The 2011 Breast Cancer Symposium was recently held in San Francisco, bringing together a multidisciplinary group of specialists and sponsored by ASCO, the American Society for Radiation Oncology, the Society of Surgical Oncology, the American Society of Breast Disease, the American Society of Breast Surgeons, and the National Consortium of Breast Centers, Inc. The following reports are brief summaries of a few noteworthy presentations.
Irradiating Internal Mammary Nodes
The value of irradiating the internal mammary nodes continues to be debated. This analysis from the British Columbia Cancer Agency in Vancouver found that intentional inclusion of the internal mammary node region did not result in a significant difference in survival, though a small and nonsignificant 3% survival benefit was observed in the subset with one to three positive nodes.1
The study included 2,413 women with early breast cancer who received locoregional radiotherapy and were evaluated according to whether this treatment included internal mammary nodes (n = 1,000) or not (n = 1,413). At a median follow-up of 6.2 years, 5-year recurrence-free survival was 81% and 82%, respectively; distant recurrence-free survival was 82% per arm, and overall survival was 85% and 83% (no statistically significant differences). In the subset with one to three positive nodes, overall survival was 91% for patients who received radiotherapy to the internal mammary nodes and 88% for those who did not—a 22% nonsignificant risk reduction.
“Women with low-burden, node-positive disease are most likely to benefit from internal mammary node radiotherapy,” said Robert Olson, MD, who presented the findings.
Barbara Fowble, MD, of the University of California School of Medicine, San Francisco, the formal discussant of the study, said she sees “problems with the data, but recognizing this, the study suggests there is no benefit.” The 3% overall survival benefit in node-positive patients is not necessarily a result of the internal mammary node radiotherapy, Dr. Fowble pointed out.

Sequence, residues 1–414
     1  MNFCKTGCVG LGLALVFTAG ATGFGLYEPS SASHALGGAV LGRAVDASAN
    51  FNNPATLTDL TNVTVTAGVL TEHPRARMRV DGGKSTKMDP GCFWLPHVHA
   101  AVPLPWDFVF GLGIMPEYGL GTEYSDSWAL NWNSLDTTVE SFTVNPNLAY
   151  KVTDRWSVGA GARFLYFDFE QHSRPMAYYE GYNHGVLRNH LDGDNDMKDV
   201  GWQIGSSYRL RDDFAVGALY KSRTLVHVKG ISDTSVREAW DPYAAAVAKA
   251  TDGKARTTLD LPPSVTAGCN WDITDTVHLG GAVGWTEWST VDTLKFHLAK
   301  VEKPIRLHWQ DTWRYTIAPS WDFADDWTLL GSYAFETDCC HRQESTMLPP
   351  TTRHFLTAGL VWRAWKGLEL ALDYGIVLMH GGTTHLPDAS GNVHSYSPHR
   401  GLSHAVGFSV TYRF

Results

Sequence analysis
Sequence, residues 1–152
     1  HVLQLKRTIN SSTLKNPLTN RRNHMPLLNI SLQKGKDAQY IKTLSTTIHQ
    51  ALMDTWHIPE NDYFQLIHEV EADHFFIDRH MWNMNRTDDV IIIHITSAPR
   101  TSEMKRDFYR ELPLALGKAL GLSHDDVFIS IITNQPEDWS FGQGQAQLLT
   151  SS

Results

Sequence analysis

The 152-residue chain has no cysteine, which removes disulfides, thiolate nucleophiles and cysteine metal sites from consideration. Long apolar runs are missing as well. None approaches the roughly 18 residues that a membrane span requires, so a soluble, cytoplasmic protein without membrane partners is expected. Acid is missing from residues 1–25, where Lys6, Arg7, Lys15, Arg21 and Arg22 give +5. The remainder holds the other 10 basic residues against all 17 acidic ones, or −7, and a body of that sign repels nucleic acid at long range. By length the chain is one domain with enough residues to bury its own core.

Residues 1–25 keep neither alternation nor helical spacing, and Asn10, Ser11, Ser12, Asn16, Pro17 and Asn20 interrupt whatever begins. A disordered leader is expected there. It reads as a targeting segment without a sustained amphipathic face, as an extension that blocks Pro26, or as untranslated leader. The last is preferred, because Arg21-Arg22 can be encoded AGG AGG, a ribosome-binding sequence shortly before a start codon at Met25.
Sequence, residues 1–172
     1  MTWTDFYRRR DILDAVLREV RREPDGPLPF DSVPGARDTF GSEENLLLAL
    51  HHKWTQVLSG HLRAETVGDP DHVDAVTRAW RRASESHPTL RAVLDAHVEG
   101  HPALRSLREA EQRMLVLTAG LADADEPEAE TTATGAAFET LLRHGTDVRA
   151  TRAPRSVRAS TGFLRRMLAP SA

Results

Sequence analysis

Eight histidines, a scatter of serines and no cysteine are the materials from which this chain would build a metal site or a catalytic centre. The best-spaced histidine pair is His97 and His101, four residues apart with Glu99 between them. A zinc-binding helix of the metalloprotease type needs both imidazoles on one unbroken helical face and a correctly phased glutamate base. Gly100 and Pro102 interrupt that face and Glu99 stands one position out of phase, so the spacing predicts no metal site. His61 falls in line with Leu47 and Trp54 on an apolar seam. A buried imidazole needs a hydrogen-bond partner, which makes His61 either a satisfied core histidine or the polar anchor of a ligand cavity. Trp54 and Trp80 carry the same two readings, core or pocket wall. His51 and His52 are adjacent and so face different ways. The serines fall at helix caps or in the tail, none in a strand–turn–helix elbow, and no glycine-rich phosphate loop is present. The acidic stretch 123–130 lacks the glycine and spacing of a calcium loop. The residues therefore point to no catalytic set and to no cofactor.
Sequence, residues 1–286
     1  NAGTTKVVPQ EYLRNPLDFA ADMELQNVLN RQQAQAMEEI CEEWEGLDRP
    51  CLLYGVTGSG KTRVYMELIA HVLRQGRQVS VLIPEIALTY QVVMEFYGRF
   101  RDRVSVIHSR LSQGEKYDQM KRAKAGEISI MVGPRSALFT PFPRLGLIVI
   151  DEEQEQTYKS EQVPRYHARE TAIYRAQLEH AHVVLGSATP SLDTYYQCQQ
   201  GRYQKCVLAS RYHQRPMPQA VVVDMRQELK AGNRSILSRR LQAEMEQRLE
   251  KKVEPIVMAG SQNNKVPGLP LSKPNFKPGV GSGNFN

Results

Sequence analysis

After controlling for potentially confounding factors including age, stage, grade, histology, lymphovascular invasion, ER status, type of surgery, and systemic therapy, there was no significant benefit to intentional inclusion of the internal mammary nodal region (HR = 0.95; 95% CI = 0.78–1.15; P = .57). Within the subset of patients with one to three positive nodes, women who received internal mammary nodal radiotherapy had a nonsignificantly better overall survival than women who did not (HR = 0.78; 95% CI = 0.56–1.09; P = .18).
She added that while toxicity data were not presented, there are “clues” from other analyses that internal mammary node radiotherapy will contribute to toxicity. In her own practice, Dr. Fowble utilizes internal mammary node radiotherapy only when patients are known to have positive internal mammary nodes.
Study Describes Clinical Presentation of Breast Cancer
The importance of annual screening mammography, not only in women older than 50 years but also in women aged 40 to 49, was evaluated in an analysis of a statewide breast cancer registry of 5,903 Michigan women.3 Mammography detected 65% of the breast cancers. Women younger than 50 accounted for 26% of all breast cancers and were equally likely to have had their cancer found by mammography as by clinical exam or breast self-exam (46% and 54%, respectively). When compared with patients with mammographically detected tumors, patients who presented with palpable masses presented at later stages (50% stage II vs 18%) and were more likely to receive chemotherapy (22.7% vs 15.7%) and mastectomies (45.8% vs 27.1%).